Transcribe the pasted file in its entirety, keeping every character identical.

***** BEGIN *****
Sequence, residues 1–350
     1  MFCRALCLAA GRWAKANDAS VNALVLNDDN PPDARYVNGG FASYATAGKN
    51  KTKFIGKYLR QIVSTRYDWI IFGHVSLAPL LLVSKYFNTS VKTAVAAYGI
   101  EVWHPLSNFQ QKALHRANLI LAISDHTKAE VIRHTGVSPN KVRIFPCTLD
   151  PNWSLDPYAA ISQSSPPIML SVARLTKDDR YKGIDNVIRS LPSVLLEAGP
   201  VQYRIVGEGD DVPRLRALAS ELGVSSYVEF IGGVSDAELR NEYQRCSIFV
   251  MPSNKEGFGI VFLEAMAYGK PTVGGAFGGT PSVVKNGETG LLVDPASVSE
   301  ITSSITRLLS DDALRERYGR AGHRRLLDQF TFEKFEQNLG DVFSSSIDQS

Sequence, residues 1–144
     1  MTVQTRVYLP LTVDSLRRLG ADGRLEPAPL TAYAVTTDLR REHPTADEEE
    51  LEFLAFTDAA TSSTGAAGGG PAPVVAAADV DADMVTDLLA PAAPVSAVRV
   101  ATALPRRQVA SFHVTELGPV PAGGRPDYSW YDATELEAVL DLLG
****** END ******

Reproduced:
Sequence, residues 1–350
     1  MFCRALCLAA GRWAKANDAS VNALVLNDDN PPDARYVNGG FASYATAGKN
    51  KTKFIGKYLR QIVSTRYDWI IFGHVSLAPL LLVSKYFNTS VKTAVAAYGI
   101  EVWHPLSNFQ QKALHRANLI LAISDHTKAE VIRHTGVSPN KVRIFPCTLD
   151  PNWSLDPYAA ISQSSPPIML SVARLTKDDR YKGIDNVIRS LPSVLLEAGP
   201  VQYRIVGEGD DVPRLRALAS ELGVSSYVEF IGGVSDAELR NEYQRCSIFV
   251  MPSNKEGFGI VFLEAMAYGK PTVGGAFGGT PSVVKNGETG LLVDPASVSE
   301  ITSSITRLLS DDALRERYGR AGHRRLLDQF TFEKFEQNLG DVFSSSIDQS

Sequence, residues 1–144
     1  MTVQTRVYLP LTVDSLRRLG ADGRLEPAPL TAYAVTTDLR REHPTADEEE
    51  LEFLAFTDAA TSSTGAAGGG PAPVVAAADV DADMVTDLLA PAAPVSAVRV
   101  ATALPRRQVA SFHVTELGPV PAGGRPDYSW YDATELEAVL DLLG